Evidence for Multiple Forms of Melatonin Receptor-G-Protein Complexes by Solubilization and Gel Electrophoresis

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25 Citations (Scopus)

Abstract

The daily production of melatonin from the pineal gland influences circadian and seasonal behaviour and physiology. To further understand how melatonin may function, it is important to characterize the receptor and signal transduction systems. Using the detergent digitonin, we were able to solubilize the receptor from the ovine pars tuberalis (PT) membrane. The receptor was isolated as a complex associated with its heterotrimeric G-protein. In the solubilized state, pre-bound I-125-2-iodomelatonin was stable at 4 degrees C, but was displaceable by GTP gamma S. The receptor-G-protein complex could be separated by molecular mass using native polyacrylamide gel electrophoresis. We demonstrate that the receptor-complex has a molecular mass of 525 kDa and differs from solubilized receptor-complexes isolated from either the lizard brain, chicken brain or the ovine hippocampus. Furthermore the receptor complex isolated from the hippocampus had the lowest molecular mass of these tissues (365 kDa) and was found not to be sensitive to GTP gamma S. This may indicate the existence of a distinct non-G-protein coupled form of the receptor.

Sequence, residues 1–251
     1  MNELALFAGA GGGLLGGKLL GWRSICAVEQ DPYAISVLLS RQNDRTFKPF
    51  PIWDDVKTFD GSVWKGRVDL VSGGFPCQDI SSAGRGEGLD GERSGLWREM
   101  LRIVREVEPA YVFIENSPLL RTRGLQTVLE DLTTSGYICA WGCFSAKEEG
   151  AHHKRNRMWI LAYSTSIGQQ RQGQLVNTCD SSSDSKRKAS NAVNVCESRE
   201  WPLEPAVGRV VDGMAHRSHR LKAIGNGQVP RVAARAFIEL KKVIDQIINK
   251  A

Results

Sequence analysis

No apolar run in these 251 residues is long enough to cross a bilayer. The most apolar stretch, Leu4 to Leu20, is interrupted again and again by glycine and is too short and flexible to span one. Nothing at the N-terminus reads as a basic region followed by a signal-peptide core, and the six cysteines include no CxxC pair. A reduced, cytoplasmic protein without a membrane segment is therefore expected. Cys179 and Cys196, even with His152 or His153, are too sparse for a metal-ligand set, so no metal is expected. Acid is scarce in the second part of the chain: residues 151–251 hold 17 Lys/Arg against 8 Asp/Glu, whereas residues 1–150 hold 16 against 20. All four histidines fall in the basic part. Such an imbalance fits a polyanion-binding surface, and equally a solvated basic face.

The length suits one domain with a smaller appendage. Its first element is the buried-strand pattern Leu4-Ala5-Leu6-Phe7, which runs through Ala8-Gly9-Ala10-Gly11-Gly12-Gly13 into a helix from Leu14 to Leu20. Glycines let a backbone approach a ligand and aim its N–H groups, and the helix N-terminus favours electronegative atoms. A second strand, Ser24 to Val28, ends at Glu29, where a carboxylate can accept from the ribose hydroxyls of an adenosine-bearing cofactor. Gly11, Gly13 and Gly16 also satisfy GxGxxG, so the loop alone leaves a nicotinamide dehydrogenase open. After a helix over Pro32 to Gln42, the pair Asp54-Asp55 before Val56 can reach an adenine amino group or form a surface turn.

Original languageEnglish
Pages (from-to)509-515
Number of pages7
JournalJournal of Neuroendocrinology
Volume6
Issue number5
DOIs
Publication statusPublished - Oct 1994

Keywords

  • melatonin
  • pars tuberalis
  • G-protein
  • species
  • electrophoresis
  • ovine pars tuberalis
  • binding-sites
  • hamster-brain
  • lizard-brain
  • localization
  • pituitary
  • cells
  • rat

Cite this

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title = "Evidence for Multiple Forms of Melatonin Receptor-G-Protein Complexes by Solubilization and Gel Electrophoresis",